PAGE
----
Work, people and organisations research
At Nottingham University Business School, our research into work, people and organisations includes looking at local and global approaches to sustainable business practices, influencing policy and decision-making at organisations such as the World Health Organisation, the European Commission, the World Trade Organisation and the World Bank.
Our researchers’ contribution to international leadership in impactful research areas includes:
- the sociology of service work and public policy
- working life and careers
- international business and human resource management (particularly in an African context)
Research is characterised by a distinctive, critical, interdisciplinary outlook, and includes topics such as:
- healthcare policy/organisation
- workplace discrimination/intersectionality
- organisational justice/ethics
- migration/collective organising
Reducing work-related stress
Dr Aditya Jain from Nottingham University Business School and Professor Leka from the Centre for Organisational Health and Development at the University of Nottingham investigated psychosocial risks and work-related stress in the workplace to promote employee well-being and improve organisational performance. Having highlighted work-related stress as a major challenge for occupational health and safety, Jain, and Leka, carried out research which led to the development of PRIMA-EF, an interdisciplinary project involving several studies. One of the outcomes of the project was the development of industry standards including key indicators, interventions and guidance on psychosocial risk management that could be adopted by organisations to develop healthy workplaces. These national standards have been implemented in the UK and other countries including Canada, Denmark and Ireland and adopted by the World Health Organisation.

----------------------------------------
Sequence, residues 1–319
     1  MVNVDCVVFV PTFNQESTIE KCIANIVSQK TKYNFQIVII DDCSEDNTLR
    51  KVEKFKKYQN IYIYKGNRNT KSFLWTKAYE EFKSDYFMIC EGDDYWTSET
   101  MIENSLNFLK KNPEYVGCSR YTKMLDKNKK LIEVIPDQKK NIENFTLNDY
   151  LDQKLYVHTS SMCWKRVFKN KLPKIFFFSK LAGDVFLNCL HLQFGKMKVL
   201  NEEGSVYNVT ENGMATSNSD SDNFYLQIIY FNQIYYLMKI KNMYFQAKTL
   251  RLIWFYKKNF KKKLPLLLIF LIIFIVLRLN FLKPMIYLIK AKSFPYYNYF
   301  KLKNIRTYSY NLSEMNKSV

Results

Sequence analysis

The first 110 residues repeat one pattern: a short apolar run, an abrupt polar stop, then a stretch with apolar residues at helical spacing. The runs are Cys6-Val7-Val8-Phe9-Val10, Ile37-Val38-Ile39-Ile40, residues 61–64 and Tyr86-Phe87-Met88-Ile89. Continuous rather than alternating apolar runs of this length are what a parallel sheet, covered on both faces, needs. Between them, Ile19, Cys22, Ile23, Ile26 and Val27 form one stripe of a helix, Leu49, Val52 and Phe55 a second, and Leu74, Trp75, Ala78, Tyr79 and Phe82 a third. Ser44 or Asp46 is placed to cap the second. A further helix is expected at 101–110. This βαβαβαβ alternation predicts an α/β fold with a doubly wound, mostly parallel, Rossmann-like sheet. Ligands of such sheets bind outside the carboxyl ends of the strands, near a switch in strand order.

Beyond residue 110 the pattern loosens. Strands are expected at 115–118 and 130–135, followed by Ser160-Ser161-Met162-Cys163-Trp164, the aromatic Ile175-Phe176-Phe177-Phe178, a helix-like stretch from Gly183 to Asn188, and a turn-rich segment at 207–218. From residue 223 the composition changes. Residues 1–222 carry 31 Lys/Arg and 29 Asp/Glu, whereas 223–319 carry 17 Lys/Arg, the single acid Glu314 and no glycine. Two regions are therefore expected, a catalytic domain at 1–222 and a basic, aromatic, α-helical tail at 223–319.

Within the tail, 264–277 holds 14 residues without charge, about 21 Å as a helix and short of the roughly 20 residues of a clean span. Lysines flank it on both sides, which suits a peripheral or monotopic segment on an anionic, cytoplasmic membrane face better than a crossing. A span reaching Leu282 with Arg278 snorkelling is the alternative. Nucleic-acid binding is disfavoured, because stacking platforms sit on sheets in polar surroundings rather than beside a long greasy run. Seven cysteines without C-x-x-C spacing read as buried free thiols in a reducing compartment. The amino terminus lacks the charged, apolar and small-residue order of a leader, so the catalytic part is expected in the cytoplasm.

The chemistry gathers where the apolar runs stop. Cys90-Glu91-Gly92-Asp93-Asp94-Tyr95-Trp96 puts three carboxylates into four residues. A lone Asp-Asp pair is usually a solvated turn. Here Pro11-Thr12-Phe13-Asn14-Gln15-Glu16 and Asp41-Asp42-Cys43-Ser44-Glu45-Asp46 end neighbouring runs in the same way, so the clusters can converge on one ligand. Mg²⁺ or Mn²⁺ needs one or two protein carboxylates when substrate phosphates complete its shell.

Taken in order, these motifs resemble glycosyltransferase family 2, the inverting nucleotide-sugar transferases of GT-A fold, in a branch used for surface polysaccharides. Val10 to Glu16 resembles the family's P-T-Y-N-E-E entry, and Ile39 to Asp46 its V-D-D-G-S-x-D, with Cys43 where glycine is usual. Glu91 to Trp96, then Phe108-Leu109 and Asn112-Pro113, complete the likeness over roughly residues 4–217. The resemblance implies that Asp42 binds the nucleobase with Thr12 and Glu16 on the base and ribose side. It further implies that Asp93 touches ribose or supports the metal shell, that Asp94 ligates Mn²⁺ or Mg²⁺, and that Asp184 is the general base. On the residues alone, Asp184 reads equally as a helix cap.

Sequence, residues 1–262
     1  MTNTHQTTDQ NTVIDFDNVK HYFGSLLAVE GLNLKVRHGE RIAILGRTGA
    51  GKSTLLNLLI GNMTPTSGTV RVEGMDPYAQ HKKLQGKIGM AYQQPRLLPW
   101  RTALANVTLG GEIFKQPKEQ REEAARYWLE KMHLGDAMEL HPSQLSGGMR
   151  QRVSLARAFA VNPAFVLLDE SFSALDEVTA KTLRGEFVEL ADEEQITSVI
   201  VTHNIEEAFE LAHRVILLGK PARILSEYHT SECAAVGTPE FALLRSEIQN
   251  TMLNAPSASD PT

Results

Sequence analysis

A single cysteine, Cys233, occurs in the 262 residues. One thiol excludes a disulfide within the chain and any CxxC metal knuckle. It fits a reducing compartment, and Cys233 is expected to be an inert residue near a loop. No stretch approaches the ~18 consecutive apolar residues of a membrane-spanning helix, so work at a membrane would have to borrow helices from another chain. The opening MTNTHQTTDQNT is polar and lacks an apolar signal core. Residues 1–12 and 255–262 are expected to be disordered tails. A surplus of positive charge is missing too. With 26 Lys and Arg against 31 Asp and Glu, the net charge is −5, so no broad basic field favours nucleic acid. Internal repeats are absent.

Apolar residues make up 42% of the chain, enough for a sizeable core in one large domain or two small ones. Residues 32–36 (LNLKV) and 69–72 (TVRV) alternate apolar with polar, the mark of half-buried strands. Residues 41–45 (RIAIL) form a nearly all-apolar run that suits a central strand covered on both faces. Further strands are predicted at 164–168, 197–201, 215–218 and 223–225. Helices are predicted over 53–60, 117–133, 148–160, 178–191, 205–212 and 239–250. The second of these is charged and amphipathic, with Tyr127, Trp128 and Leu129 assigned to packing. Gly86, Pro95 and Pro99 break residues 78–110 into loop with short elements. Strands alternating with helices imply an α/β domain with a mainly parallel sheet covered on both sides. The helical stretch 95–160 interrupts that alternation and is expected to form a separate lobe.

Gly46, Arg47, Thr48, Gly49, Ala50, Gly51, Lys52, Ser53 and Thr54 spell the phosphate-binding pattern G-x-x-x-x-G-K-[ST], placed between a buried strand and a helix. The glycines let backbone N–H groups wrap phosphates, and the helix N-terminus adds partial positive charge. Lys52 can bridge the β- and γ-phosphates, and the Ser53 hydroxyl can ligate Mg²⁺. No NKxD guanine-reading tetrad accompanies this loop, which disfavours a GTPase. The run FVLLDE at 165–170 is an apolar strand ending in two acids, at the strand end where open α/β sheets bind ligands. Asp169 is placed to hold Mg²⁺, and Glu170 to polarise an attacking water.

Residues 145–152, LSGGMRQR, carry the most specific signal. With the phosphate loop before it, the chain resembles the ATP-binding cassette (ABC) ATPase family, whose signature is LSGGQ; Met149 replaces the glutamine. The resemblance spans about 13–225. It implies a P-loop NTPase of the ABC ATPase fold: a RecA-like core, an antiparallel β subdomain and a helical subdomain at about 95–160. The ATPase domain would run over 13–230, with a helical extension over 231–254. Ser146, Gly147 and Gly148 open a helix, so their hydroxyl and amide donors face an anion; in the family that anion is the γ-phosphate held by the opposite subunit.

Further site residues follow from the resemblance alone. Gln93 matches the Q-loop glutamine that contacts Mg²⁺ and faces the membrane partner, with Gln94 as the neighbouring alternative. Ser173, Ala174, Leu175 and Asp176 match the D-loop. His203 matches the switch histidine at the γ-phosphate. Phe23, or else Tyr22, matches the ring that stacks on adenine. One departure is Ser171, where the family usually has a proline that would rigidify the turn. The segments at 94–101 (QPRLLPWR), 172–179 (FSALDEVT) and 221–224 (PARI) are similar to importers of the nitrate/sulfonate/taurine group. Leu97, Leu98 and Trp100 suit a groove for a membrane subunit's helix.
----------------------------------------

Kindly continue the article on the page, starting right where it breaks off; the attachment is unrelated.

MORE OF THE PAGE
Dr Andrew Grainger’s research on how to improve international trade to benefit wider society and business competitiveness has informed policy at national and global levels. It has helped organisations consider relevant measures to reduce friction between public and private sector stakeholders in the administration and control of national borders. It has demonstrated how reaching a Trade Facilitation Agreement can reduce costs and boost global trade.His research has been commissioned by organisations wanting a better understanding of trade facilitation, and has included studies for the World Bank, the European Parliament, the UK government and the World Trade Organisation.
My research focuses on policies relating to mental health at work, examining the role of softer forms of policy, and risk management of the psychological and social work environment for business and societal sustainability.